In this challenging book, rising New Testament scholar Simon Gathercole contradicts a commonly held view among biblical scholars—that the Gospel of John is the only Gospel to give evidence for Jesus’ heavenly identity and preexistence. The Preexistent Son demonstrates that Matthew, Mark, and Luke were also well aware that the Son of God existed with the Father prior to his earthly ministry. Gathercole supports his argument by considering the “I have come” sayings of Jesus and strikingly similar angelic sayings discovered in Second Temple and Rabbinic literature. Further, he considers related topics such as Wisdom Christology and the titles applied to Jesus in the Synoptic Gospels.
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“As Gundry has observed, what is most striking is that having established the one good God as the one who defines what is required of human beings, in the final analysis Jesus is the one who defines what is ultimately commanded: ‘ ‘One thing you lack,’ he said. ‘Go, sell everything you have, and give to the poor, and you will have treasure in heaven. Then come, follow me’ ’ (Mark 10:21).” (Page 74)
“The argument here is simple: that preexistence christology is already widespread among various individuals and in various different communities around the Mediterranean well before ad 70.” (Page 23)
“As Hurtado rightly notes, this goes beyond simple respect for a superior.” (Page 69)
“There are four key elements which point to preexistence in the statement in Matt. 23:37: first, there is the narrative framework of Matthew’s Gospel as a whole, in which this particular saying is striking because Jesus has not yet been to Jerusalem; second, there is the context in ch. 23, in which Jesus pronounces his verdict on both present and past generations of Israel alike; third, there is the content of the saying itself; and fourth, there is the inadequacy of the alternative explanations.” (Page 214)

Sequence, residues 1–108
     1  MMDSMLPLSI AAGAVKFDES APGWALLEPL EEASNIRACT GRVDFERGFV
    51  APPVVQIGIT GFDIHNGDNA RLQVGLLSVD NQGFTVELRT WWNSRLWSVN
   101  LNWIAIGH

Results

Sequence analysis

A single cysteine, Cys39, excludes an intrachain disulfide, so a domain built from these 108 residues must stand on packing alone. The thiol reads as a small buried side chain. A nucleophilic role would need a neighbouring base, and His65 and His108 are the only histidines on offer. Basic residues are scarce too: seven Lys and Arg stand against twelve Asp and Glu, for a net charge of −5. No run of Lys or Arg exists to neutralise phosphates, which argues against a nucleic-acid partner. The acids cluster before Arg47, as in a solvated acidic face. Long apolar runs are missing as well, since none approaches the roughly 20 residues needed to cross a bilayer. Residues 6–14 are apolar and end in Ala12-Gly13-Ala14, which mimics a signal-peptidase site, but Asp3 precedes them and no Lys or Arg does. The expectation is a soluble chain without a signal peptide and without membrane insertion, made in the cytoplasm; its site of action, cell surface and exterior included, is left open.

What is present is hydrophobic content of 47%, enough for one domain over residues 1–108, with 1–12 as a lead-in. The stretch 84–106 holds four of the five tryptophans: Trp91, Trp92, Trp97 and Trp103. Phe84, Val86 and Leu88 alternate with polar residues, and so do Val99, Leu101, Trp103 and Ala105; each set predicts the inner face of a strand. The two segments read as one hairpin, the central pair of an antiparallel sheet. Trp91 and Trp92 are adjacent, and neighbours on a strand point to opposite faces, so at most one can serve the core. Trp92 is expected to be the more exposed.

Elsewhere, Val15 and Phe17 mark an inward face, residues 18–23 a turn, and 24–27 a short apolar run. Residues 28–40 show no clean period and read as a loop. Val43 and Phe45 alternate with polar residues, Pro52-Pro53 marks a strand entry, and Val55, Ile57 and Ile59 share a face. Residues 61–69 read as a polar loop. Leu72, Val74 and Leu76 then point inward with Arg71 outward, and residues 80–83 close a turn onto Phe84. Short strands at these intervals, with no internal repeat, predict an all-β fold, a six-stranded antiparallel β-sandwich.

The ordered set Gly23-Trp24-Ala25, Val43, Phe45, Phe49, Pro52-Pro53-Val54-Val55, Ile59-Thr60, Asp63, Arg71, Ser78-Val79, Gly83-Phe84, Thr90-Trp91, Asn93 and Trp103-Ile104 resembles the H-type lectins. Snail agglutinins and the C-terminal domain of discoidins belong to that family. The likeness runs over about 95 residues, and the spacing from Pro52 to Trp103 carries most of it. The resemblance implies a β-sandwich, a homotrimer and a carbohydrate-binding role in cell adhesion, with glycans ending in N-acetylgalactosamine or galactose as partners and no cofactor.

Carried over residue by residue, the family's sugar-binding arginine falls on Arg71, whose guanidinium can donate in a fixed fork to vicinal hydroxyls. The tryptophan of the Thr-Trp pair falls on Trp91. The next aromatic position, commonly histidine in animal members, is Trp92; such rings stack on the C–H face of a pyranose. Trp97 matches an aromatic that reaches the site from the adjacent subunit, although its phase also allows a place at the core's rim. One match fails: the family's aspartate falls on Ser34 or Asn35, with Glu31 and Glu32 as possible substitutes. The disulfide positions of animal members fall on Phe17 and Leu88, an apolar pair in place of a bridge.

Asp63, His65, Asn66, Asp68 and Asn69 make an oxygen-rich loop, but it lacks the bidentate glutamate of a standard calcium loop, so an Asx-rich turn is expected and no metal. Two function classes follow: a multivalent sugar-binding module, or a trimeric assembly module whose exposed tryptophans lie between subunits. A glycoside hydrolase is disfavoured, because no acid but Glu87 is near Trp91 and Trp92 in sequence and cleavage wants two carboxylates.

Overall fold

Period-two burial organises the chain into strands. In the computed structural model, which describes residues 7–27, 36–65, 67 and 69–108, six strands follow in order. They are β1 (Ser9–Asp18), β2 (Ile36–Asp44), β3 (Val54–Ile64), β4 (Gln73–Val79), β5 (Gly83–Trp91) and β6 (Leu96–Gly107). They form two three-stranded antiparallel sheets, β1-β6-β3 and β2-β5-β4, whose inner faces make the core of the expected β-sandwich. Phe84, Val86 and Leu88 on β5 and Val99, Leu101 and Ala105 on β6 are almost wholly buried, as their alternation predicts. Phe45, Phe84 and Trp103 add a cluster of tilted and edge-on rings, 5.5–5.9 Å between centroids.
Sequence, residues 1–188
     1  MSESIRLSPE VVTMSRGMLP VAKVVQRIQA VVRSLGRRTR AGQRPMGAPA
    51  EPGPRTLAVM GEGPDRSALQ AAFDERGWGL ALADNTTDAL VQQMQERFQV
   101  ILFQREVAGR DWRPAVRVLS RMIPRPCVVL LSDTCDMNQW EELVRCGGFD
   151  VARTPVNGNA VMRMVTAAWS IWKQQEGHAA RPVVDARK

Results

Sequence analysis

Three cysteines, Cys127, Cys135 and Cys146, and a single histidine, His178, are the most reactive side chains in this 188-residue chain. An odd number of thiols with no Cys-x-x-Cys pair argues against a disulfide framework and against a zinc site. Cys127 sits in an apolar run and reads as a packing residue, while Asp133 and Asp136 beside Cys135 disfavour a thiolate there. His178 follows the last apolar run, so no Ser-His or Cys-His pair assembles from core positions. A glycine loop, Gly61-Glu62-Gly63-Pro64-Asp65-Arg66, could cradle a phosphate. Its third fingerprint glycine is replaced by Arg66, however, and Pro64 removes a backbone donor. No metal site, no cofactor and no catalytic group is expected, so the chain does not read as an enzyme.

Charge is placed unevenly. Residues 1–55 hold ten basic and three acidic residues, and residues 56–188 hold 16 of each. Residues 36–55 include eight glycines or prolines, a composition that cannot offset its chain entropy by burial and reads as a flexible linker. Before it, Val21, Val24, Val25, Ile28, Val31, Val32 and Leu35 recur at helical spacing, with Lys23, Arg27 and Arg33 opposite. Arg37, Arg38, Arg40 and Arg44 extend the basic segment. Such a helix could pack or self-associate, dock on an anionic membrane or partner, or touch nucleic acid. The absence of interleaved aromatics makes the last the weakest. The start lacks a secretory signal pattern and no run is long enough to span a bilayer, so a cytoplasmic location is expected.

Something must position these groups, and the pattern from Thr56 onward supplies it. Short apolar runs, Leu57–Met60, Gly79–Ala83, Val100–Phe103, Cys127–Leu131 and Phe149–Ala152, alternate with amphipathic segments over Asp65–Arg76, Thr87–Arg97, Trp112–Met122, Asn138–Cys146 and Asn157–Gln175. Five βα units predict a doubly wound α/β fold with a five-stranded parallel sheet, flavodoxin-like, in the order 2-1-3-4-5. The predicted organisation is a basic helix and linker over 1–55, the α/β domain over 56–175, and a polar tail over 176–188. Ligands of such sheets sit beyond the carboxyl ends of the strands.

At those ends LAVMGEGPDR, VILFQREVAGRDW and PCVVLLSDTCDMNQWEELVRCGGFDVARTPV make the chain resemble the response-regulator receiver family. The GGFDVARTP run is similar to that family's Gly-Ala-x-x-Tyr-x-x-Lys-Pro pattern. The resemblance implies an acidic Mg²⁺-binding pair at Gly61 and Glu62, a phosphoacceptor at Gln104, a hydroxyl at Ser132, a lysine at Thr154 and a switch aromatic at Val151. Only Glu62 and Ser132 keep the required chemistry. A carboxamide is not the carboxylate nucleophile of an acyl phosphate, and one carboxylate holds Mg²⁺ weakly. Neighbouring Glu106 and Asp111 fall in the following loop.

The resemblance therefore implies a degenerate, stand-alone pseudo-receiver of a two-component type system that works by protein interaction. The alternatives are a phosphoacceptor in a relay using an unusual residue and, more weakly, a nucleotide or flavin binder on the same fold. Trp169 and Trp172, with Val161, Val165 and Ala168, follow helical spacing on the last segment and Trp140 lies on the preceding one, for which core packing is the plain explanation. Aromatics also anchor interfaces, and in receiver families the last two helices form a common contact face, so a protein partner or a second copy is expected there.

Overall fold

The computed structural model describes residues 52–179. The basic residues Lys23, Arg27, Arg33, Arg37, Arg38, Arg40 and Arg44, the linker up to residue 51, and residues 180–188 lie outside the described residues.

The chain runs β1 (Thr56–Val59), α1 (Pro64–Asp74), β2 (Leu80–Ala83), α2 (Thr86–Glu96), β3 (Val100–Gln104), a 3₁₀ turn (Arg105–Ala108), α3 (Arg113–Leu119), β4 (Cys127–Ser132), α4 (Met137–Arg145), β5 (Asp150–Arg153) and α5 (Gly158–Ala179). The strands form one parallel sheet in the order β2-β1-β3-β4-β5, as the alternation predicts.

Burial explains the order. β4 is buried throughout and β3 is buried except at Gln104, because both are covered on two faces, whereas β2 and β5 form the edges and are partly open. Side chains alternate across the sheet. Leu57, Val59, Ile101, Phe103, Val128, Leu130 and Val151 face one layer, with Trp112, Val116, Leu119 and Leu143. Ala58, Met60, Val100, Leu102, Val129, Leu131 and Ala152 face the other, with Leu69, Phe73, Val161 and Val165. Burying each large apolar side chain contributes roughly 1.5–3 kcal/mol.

“The language of ‘inclusion within the divine identity’ is helpful in that it avoids these two extremes.” (Page 76)
The Preexistent Son investigates and sheds considerable light on an important but neglected theme. Simon Gathercole, who has emerged in recent years as a major player in New Testament scholarship, demonstrates mastery of the relevant primary and secondary literature. I am impressed by the way he sifts through a great deal of complicated material and presents it in a clear and compelling way. Gathercole has thrown down the gauntlet . . . I recommend this book enthusiastically.
—Craig A. Evans, Payzant Distinguished Professor of New Testament, Acadia Divinity College
Gathercole makes a strong case with scrupulous attention to the evidence and the views of others. The ramifications of this timely study are numerous and powerful.
—Larry W. Hurtado, emeritus professor of New Testament language, literature, and theology, University of Edinburgh
Gathercole’s study is both thoroughly exegetical and theologically sensitive . . . This book is as important for systematic theology as for biblical studies.
—J. Louis Martyn, Edward Robinson Professor Emeritus of Biblical Theology, Union Theological Seminary
Gathercole’s monograph is a model of cogent argumentation . . . Provides sufficient evidence to open the question of preexistence in the Christologies of the Synoptic Gospels anew.
—Review of Biblical Literature